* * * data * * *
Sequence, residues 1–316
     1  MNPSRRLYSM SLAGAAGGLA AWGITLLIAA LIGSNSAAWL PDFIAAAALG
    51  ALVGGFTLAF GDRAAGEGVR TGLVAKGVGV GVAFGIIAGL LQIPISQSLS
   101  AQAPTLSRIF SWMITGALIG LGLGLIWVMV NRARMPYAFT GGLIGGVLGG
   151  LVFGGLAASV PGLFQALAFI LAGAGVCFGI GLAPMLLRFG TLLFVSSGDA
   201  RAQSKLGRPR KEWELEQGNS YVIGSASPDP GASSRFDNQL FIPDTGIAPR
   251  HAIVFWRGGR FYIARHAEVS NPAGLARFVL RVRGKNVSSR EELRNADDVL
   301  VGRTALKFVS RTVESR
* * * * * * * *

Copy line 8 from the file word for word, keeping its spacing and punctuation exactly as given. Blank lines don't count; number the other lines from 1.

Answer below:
   301  VGRTALKFVS RTVESR